Another possibility which would reduce complexity to half the key-size would be assuming a (large enough) quantum computer – that could do a brute-force key search in $2^{n/2}$ steps instead of $2^{n}$ steps. But the text in the chapter doesn't really look like they are referring to this.

The crypto strength of an ideal symmetric cipher in absence of new generic attacks is equal to its key size (i.e. you need in average $2^n/2$ tries for a brute force key search attack).

Generally this is valid for all non-broken encryption algorithms, too (just by definition of "non-broken"): A symmetric cipher with key-size $n$ bit should offer $n$ bit crypto strength.

So my say would be: "Use a bigger key-size if you are concerned about future quantum computer attacks (or generally attacks on the algorithm which shave off some of the security, but not all of it), otherwise stay at 128 bit."

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  • $\begingroup$ If the attacker can make related-key requests, there is a generic attack that can recover the key with $2^{n/2}$ requests and $2^{n/2}$ time, thus cutting the strength to (almost) half the key-size. $\endgroup$ – J.D. May 26 '15 at 12:44
  • $\begingroup$ @J.D. Please add this as an answer (with some details of how this attack works and a reference to a paper or similar). $\endgroup$ – Paŭlo Ebermann May 26 '15 at 15:11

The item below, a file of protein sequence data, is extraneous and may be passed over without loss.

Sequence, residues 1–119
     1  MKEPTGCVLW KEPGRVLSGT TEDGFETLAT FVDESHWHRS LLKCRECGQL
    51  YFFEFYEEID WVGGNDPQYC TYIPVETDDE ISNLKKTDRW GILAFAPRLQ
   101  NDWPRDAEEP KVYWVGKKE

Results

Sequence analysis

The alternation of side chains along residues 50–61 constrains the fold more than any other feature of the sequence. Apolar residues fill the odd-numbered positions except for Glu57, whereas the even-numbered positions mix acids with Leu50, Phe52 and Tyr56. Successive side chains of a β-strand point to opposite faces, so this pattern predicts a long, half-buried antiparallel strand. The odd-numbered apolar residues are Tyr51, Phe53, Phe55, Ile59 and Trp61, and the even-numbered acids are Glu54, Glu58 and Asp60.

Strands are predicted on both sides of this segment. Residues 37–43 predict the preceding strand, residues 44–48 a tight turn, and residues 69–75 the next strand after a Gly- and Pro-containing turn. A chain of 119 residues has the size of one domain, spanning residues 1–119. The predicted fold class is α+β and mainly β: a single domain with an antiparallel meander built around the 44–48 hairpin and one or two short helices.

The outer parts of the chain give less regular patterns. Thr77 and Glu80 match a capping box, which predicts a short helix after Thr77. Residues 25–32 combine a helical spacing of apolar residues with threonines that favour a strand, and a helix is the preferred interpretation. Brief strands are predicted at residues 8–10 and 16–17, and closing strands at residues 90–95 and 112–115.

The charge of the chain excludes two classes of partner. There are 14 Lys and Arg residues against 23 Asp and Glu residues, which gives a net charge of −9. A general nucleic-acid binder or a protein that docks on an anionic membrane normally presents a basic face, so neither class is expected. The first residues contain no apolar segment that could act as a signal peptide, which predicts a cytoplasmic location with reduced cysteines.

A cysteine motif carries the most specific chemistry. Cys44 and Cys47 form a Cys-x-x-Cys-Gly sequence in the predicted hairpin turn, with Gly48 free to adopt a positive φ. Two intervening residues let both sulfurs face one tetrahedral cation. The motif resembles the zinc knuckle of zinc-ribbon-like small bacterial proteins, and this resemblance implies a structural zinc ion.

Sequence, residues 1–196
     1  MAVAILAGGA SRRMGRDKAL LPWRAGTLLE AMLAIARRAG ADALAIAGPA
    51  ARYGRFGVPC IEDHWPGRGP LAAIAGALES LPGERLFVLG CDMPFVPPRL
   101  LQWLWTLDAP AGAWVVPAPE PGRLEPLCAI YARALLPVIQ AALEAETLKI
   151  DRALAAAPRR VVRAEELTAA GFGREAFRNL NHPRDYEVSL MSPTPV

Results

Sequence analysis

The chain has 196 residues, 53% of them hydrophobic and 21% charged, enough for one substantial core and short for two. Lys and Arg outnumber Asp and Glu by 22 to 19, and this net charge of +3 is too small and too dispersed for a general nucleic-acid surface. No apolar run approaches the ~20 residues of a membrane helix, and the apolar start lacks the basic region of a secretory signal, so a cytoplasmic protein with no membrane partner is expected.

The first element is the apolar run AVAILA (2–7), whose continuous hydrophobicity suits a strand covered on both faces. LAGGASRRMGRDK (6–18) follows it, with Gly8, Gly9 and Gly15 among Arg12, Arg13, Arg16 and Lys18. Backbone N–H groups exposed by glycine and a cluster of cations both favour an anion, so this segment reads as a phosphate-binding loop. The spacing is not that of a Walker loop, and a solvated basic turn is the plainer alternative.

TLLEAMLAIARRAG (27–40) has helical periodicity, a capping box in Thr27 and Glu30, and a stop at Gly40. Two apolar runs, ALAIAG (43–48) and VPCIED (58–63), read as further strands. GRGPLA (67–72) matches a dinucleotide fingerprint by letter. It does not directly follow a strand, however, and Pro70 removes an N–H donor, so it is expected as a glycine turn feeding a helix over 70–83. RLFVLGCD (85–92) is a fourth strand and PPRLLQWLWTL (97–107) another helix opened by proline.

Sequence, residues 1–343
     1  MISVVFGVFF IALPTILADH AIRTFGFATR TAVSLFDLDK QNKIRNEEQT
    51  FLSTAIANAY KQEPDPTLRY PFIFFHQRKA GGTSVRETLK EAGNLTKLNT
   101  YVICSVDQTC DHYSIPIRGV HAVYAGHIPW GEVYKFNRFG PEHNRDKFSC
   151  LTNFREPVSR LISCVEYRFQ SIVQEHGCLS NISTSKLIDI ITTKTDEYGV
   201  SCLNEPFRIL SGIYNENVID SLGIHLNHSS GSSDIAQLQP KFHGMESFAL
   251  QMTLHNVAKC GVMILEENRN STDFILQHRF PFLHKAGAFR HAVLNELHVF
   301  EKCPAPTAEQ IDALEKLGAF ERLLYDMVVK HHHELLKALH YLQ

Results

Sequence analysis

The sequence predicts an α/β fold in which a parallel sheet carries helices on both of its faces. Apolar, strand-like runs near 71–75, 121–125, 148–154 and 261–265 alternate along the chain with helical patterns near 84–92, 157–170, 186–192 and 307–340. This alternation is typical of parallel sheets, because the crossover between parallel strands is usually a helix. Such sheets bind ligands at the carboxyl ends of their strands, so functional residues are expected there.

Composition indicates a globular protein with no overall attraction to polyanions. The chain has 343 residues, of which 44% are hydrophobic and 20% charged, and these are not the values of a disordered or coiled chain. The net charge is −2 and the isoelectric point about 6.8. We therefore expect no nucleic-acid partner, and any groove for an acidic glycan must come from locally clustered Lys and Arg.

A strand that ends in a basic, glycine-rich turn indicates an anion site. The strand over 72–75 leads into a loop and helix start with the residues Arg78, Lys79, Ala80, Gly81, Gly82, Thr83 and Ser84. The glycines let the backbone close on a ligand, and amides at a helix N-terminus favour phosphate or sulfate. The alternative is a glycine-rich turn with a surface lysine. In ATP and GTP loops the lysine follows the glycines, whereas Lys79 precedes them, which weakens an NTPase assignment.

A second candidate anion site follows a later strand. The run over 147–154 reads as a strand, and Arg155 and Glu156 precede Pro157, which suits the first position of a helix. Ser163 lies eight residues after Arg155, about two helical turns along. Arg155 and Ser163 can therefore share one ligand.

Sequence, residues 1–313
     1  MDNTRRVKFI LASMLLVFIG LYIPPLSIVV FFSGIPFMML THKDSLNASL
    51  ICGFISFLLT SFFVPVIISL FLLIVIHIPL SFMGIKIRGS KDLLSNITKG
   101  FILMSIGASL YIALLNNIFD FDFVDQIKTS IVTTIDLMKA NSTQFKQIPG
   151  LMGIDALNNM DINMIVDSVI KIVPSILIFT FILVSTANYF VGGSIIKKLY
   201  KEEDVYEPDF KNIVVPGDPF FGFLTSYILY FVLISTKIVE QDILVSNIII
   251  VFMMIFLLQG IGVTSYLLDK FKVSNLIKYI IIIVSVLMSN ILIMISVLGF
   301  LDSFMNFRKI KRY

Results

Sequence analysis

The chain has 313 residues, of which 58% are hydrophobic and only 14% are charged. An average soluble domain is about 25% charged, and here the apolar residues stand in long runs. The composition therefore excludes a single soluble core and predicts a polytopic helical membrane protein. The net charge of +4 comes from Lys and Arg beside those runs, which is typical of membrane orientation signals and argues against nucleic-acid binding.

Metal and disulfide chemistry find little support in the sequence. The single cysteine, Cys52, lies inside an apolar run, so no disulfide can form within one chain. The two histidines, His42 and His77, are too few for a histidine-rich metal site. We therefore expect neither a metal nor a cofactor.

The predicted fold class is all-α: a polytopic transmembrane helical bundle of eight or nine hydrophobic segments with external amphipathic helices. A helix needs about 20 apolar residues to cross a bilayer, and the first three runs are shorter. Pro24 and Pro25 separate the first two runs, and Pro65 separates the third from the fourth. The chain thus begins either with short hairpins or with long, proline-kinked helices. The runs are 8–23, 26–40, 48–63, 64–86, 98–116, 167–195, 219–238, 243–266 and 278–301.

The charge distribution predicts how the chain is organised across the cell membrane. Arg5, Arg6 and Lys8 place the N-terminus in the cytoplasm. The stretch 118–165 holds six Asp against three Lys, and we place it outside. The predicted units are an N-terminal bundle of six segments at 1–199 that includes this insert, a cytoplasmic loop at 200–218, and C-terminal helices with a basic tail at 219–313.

• $\begingroup$ I took your suggestion and added an answer, with more detail. $\endgroup$ – J.D. May 27 '15 at 0:37
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    $\begingroup$ @Dillinur If I remember right, there is a generic quantum algorithm which finds preimages to functions in $O(\sqrt{N})$ time, where $N$ is the number of possible candidates (i.e. $O(\sqrt{2^n}) = O(2^{n/2})$ for $N = 2^n$). Of course, for this to actually work, you need a quite large quantum computer (about $n$ qbits, I think), and also fast enough. Then it depends on the constant factor to see if it is faster than regular brute-force. $\endgroup$ – Paŭlo Ebermann May 27 '15 at 21:12
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    $\begingroup$ The "generic quantum algorithm" you're thinking of is probably Grover's algorithm. $\endgroup$ – Ilmari Karonen Jan 14 '17 at 4:38

It is certainly possible to conceive protocols, for which a 128 bit key might cause collisions that might be avoided by using a 256 bit key.

For instance, suppose you have a protocol that uses AES-CCM with a 56 bit nonce for bulk encryption. If the nonce is generated randomly, there is at least a $2^{-28}$ collision rate. It is essential that you ensure such collisions do not happen.